OPINION: SpongeBob and the world’s most boring Super Bowl


Scott Rainey

Scott Rainey

In case you missed it, this year’s Super Bowl was one wildly boring event. After the first half, I was hoping that the Super Bowl Halftime Show would spark some life into what was a dull experience thus far.

I was wondering why the NFL chose Maroon 5 to be the halftime show, as I think they’re a good band but not particularly interesting or challenging. There was a glimmer of hope that they’d put on an excellent halftime performance after a petition circulated the internet asking for the NFL to allow “Sweet Victory” to play at the halftime show.

This song, originally written by David Glen Eisley, was featured in a Spongebob episode called “Band Geeks.” The citizens of Bikini Bottom got their act together after Squidward lambasted them for their poor performance and performed the song in the Bubble Bowl. This reduced Squidward to tears as he momentarily defeated his arch rival, Squilliam Fancyson.

So, what’s with all the hoopla? Stephen Hillenburg, the creator of Spongebob, died of ALS in November. Fans of the show wanted him to be honored at the Super Bowl by playing Eisley’s song, “Sweet Victory.” It would’ve been incredible if Maroon 5 either played the song or they at least showed a video of the performance to pay respects to the late founder.

The NFL didn’t have to do this at all. They could have totally ignored it. Maroon 5, Travis Scott, and Big Boi could have ignored it as well. Travis gave a nod to Spongebob as a lead in to his performance, but it left a lot to be desired. I thought we were getting it. I thought we were getting the full performance. But no, it was just Squidward saying a few words and then horns playing from the “Band Geeks” episode, followed by Travis Scott’s “Sicko Mode.”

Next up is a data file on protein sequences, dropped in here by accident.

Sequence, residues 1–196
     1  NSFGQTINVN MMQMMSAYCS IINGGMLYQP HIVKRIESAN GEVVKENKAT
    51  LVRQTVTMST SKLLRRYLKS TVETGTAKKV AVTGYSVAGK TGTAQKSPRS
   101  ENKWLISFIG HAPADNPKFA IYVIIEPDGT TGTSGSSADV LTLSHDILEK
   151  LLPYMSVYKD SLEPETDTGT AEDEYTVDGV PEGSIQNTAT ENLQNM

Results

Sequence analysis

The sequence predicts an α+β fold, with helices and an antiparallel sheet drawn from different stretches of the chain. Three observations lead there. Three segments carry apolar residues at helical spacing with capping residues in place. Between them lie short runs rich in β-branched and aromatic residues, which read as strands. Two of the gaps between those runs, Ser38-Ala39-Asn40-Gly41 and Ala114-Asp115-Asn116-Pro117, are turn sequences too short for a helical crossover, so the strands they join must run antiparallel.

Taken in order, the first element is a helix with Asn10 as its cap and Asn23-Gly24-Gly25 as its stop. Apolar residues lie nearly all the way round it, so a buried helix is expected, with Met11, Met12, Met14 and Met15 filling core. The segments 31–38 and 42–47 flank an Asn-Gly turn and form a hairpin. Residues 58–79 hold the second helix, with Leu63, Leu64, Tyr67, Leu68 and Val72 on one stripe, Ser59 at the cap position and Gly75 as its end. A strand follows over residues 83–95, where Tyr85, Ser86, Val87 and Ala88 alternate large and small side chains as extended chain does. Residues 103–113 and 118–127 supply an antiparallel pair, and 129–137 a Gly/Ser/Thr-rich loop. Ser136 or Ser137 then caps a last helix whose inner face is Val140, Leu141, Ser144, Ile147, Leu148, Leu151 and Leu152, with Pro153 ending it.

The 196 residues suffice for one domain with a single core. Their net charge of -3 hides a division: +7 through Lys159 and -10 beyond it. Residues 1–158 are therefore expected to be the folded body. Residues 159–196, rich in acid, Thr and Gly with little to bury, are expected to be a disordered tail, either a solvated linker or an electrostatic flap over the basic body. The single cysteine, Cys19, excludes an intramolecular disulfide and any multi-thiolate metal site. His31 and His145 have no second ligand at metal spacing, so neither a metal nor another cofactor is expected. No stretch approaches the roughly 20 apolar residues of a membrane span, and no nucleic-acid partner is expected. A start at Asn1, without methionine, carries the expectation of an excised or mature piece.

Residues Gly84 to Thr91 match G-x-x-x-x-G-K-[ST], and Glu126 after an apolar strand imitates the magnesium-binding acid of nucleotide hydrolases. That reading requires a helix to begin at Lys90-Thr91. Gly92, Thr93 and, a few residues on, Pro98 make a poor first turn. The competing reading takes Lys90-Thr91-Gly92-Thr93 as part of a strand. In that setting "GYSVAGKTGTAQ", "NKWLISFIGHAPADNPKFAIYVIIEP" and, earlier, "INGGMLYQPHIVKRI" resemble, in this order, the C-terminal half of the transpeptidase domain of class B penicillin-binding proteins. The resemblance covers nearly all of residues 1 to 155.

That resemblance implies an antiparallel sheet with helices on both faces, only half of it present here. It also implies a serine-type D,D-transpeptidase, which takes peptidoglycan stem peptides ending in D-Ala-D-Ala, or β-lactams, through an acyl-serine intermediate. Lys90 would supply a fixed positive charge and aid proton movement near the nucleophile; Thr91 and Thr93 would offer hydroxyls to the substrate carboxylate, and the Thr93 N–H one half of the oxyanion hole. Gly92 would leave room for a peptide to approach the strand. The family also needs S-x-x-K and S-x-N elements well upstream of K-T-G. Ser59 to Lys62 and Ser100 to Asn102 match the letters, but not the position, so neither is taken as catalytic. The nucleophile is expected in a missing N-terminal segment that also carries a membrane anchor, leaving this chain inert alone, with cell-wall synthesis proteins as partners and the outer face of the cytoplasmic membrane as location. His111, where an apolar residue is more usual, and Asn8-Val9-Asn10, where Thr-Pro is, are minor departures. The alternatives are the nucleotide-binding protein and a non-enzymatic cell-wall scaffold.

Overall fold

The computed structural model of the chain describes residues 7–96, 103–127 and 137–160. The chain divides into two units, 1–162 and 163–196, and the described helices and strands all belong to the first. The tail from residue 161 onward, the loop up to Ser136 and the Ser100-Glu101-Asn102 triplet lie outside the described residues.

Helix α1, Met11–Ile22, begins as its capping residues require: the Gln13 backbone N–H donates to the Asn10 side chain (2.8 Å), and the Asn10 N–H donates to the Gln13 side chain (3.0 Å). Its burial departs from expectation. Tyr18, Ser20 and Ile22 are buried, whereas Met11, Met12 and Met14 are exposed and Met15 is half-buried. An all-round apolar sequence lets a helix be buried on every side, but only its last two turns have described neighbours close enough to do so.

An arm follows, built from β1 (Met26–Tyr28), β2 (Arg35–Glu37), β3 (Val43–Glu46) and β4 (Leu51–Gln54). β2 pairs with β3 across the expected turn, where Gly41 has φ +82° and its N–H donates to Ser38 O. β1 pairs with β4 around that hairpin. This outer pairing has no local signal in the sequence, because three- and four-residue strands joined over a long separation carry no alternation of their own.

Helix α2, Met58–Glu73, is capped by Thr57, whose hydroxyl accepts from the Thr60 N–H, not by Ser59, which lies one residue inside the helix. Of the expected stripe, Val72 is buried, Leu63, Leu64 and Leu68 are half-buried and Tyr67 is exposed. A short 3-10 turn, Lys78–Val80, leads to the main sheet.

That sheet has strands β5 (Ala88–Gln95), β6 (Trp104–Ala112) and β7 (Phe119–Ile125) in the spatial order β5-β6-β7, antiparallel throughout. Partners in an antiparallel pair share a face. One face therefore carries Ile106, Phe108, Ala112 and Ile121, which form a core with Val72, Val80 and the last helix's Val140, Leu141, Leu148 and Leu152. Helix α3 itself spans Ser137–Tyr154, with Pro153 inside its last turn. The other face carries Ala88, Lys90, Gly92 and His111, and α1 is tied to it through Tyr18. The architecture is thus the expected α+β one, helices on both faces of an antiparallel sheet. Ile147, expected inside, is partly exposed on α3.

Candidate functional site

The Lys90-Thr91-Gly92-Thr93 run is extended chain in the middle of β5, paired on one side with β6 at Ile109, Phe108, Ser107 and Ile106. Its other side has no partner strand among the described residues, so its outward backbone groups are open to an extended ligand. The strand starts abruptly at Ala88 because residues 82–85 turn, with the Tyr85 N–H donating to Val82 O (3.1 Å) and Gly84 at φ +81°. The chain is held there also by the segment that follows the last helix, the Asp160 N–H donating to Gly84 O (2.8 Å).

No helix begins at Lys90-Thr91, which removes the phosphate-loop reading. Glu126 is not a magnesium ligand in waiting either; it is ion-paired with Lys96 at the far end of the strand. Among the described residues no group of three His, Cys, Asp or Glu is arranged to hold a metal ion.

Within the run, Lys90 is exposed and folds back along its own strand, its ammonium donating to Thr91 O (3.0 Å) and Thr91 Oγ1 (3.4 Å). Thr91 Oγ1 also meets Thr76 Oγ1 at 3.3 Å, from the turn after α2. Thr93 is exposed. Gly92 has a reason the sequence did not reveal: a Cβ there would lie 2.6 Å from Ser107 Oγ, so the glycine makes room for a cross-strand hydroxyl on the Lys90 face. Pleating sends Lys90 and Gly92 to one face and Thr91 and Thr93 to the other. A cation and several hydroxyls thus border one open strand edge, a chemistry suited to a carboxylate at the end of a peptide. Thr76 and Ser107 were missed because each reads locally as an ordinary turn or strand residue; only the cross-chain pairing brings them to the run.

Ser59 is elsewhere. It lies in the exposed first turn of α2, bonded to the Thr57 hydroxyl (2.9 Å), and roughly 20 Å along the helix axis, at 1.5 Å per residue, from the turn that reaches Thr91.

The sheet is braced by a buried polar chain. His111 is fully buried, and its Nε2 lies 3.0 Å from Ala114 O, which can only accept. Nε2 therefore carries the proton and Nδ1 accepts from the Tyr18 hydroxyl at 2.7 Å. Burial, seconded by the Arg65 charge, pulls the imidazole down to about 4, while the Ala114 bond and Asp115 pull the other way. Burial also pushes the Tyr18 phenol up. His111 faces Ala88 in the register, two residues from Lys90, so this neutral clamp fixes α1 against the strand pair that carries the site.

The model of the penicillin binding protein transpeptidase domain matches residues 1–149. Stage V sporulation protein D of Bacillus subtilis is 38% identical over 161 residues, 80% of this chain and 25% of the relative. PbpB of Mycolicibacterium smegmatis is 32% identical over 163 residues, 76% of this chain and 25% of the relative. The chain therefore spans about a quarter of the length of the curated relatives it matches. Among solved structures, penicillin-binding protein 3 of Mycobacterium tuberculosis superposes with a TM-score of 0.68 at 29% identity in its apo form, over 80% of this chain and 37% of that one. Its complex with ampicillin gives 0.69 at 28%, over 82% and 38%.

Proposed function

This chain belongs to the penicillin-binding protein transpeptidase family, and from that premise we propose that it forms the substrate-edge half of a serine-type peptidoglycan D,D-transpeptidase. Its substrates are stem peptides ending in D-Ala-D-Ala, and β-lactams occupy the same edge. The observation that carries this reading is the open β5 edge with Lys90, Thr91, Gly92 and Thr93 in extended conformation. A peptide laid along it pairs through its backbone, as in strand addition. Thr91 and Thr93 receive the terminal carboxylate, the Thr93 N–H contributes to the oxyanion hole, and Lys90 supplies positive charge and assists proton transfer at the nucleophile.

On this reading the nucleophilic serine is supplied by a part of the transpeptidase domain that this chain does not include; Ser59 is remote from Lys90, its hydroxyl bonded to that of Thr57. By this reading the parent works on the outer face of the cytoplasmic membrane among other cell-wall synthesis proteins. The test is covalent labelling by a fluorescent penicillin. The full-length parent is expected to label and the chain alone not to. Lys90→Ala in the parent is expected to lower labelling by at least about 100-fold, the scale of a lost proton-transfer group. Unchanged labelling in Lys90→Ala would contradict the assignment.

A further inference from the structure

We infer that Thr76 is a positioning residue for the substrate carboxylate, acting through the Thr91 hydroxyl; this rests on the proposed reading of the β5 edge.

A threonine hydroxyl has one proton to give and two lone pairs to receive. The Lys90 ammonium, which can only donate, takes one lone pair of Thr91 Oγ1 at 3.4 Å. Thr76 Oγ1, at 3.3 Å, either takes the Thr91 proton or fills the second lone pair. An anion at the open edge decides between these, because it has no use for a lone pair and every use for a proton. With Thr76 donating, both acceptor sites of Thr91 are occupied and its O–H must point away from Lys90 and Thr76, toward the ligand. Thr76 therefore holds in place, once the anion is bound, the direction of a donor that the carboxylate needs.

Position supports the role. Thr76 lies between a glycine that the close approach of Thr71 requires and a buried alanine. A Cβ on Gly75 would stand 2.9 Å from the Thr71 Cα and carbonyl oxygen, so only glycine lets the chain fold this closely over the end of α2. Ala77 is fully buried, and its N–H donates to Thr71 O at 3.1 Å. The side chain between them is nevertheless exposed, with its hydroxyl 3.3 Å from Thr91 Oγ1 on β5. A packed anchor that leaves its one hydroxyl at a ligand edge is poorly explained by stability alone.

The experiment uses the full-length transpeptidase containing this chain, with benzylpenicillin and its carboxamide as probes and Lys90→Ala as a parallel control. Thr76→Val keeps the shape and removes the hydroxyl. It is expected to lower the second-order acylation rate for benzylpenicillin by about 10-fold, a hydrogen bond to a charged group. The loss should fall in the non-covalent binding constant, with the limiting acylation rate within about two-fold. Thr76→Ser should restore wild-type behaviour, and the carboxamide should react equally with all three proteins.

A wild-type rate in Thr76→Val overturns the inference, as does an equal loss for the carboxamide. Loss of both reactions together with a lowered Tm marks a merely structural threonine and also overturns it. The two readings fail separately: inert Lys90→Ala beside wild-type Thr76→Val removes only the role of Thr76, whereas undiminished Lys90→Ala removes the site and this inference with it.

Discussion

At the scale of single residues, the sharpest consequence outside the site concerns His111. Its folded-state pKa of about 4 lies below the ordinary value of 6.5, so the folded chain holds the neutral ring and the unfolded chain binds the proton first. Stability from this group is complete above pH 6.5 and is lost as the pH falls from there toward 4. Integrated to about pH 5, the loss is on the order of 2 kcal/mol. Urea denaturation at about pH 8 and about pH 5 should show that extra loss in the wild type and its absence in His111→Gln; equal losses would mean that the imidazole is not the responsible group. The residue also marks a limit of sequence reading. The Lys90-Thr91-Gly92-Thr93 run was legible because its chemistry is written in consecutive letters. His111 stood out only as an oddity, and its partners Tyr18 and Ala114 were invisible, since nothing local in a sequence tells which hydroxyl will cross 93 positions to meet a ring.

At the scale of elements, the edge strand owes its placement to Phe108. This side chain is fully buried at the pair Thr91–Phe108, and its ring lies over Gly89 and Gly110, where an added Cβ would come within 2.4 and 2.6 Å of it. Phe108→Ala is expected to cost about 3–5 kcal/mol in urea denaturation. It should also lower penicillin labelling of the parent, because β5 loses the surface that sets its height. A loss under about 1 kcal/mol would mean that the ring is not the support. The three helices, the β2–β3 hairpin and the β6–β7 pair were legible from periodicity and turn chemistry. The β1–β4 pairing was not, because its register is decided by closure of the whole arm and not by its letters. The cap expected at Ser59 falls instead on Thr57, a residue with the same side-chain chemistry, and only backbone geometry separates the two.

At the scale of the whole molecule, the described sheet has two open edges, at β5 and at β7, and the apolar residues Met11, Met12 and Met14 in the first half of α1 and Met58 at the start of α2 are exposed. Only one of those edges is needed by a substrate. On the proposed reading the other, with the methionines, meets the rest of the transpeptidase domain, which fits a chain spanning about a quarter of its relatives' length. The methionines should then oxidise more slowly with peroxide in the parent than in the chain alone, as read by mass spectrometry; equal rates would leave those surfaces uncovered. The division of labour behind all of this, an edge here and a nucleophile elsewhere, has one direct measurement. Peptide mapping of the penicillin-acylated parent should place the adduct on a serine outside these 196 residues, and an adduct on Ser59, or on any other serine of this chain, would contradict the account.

What a shame. It was out of context, Hillenburg wasn’t mentioned, and it essentially captured the mood of the halftime show and the game overall: underwhelming and boring.

You know who DID decide to play “Sweet Victory”? Dallas, Texas, at a Dallas Stars game. They played the entire final scene from that episode on their Jumbotron. The characters in the show wore bright green, the Stars’ primary uniform color. They showed Stars fans cheering along as the song played, just like the scene in the episode. It was excellent and everyone should immediately go watch it.

This is yet another reason why hockey is the greatest sport in the world. They had the audacity to play “Sweet Victory” and pay their respects to Hillenburg. They knew the Super Bowl and the NFL wouldn’t do it justice.

I wish I could say I was surprised, but it’s not too shocking that they basically did the bare minimum. They could’ve omitted it completely, but they decided to add a small piece instead. I would have rather taken nothing, because it piqued my curiosity and had me waiting through the entire performance for more Spongebob references or for the song itself, but no. It wasn’t to be.

Scott Rainey is columnist. Contact him at [email protected]